SEND review: Children to receive earlier support in new government planson March 28, 2022 at 11:12 pm

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Critics say more urgency is needed to fix a “broken system”, as a long-awaited review is published.

Natasha Balashova and her son, Boris

Image source, Natasha Balashova

Children with special educational needs will receive better help at school from an earlier stage under a new national system, the government says.

The Department for Education plans for England include digitising paperwork to help parents receive extra support for their children more quickly.

It is the result of a delayed review into support for children with special education needs or disabilities (SEND).

Critics say too little urgency has been shown to address the “broken system”.

Last year, 1.4 million pupils in England were identified as having special educational needs – the proportion has been growing since 2017.

Education Secretary Nadhim Zahawi told BBC News early intervention was a “focus” of the plans – and would be achieved partly by training 5,000 more early-years teachers to be SEN co-ordinators (Sencos), who monitor and assess SEN children’s progress.

The plans “will give confidence to families across the country that from very early on in their child’s journey through education, whatever their level of need, their local school will be equipped to offer a tailored and high-quality level of support”, he said.

New funding of £70m would be used to back the proposals, the Department for Education said.

But for some families, the review – announced in 2019 – comes too late.

‘It crushes your soul’

Natasha Balashova, from Norwich, says securing extra support for her son has been “an impossible battle that crushes your soul and takes all of your energy”.

Boris, seven, is autistic and has not been to his mainstream school for a year because he had too little support, she says.

Children who need more help than is available through SEN support – such as one-to-one teaching or a place in a specialist school – must have an Education, Health and Care Plan (EHCP) in place.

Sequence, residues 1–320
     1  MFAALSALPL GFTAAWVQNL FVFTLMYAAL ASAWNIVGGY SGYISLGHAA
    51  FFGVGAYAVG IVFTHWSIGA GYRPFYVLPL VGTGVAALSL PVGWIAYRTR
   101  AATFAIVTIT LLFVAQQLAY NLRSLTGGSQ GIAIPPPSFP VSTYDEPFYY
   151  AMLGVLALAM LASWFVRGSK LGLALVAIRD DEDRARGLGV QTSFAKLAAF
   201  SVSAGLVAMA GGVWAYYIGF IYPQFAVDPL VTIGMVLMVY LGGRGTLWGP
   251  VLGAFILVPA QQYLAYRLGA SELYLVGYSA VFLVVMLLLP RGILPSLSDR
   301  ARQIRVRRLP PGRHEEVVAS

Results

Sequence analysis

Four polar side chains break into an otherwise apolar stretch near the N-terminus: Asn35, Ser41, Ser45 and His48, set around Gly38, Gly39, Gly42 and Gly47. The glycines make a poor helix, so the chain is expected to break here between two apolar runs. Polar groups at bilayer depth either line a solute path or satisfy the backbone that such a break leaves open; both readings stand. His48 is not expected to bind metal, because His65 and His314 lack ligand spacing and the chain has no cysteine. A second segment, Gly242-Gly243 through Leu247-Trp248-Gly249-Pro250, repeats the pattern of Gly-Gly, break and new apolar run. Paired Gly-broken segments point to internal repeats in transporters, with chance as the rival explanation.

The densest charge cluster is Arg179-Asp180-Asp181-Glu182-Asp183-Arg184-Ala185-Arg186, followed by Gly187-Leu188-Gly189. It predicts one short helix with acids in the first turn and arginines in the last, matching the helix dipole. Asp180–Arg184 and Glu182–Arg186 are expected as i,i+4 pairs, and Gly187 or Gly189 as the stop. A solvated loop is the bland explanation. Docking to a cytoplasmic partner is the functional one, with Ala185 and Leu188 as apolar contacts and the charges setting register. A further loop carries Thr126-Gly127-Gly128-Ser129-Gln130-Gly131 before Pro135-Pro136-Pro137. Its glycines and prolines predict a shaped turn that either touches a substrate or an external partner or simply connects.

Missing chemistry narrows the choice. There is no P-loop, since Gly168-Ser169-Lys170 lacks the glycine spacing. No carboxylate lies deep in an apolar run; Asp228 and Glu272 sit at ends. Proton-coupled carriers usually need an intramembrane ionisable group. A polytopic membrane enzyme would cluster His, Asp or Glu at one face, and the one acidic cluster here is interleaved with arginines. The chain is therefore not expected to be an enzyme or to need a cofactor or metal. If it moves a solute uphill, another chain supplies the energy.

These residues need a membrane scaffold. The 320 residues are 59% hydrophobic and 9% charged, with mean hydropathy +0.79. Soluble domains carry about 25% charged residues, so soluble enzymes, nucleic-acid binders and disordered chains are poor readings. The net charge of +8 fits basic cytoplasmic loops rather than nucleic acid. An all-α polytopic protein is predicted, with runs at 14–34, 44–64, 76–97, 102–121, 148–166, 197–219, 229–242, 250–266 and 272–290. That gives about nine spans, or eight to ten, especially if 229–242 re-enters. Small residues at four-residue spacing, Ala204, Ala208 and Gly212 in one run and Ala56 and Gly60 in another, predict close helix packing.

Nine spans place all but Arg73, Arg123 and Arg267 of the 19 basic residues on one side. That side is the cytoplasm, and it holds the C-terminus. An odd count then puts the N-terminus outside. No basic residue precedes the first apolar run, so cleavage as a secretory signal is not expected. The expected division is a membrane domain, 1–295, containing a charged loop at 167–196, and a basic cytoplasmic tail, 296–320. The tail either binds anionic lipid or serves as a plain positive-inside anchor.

“Because the system is broken, there are delays at every step of the process,” Ms Balashova told BBC News.

While his EHCP was being processed, Boris did not receive the support he needed.

And by the time it was ready to be implemented, he had become too anxious to go to school.

Ms Balashova is “sceptical” the government’s proposals will improve the EHCP process because “there is no quick fix of this state of shambles – it has to be reorganised from the top to the bottom”.

Geoff Barton, general secretary of the Association of School and College Leaders trade union, welcomed the government’s focus on early intervention but said it was frustrating the review had been delayed “and full implementation of the Green Paper is some way off”.

“In the meantime, many thousands of children and young people will continue to pass through a broken system, with schools left to pick up the pieces without sufficient resources,” he added.

Paul Whiteman, general secretary of school leaders’ union NAHT, said the Green Paper had some “sensible” ideas but he was “not convinced” the plans were ambitious enough to tackle waiting lists for specialist services such as speech therapy.

Labour’s shadow education secretary, Bridget Phillipson, said the plans were “incredibly disappointing” and fell short of the “transformation” needed to improve SEND support.

“Warm words on early intervention are not good enough when affordable early childcare is unavailable to most parents,” she added.

But some children are already benefiting from early-intervention projects.

Lilycroft Primary School, in Bradford, has been part of a trial where experts use data to identify children who might need more support, at a much earlier stage than usual.

Head teacher Nicola Roth told BBC News it could take six years for a child in Bradford to be diagnosed as autistic – which can delay the support for which they are eligible.

“We can just get on with treating the child and getting the best education for the child as soon as possible,” she said, adding she hoped every school could benefit from the same model.

Nicola Roth

Prof Mark Mon-Williams, a director at the Centre of Applied Education Research, based at Bradford Royal Infirmary, who ran the trial, said: “All the evidence is that acting early is good across the board.

“That child can then thrive in the educational setting, which means that we then have less issues to deal with in terms of that child’s long-term physical and mental health.”

Other proposals in the SEND and alternative provision Green Paper include:

  • publishing local dashboards to make it clearer to parents who is responsible for what part of the system
  • launching a national framework for councils to make it clear what level of support is expected for children with the greatest additional needs
  • spending £10m to train more than 200 more educational psychologists, who will graduate in 2026 and can give advice and input into EHCP assessments and offer wider support.
  • approving up to 40 new special and alternative provision free schools

Families are being invited to share their views on how to shape the new system, in a 13-week public consultation.

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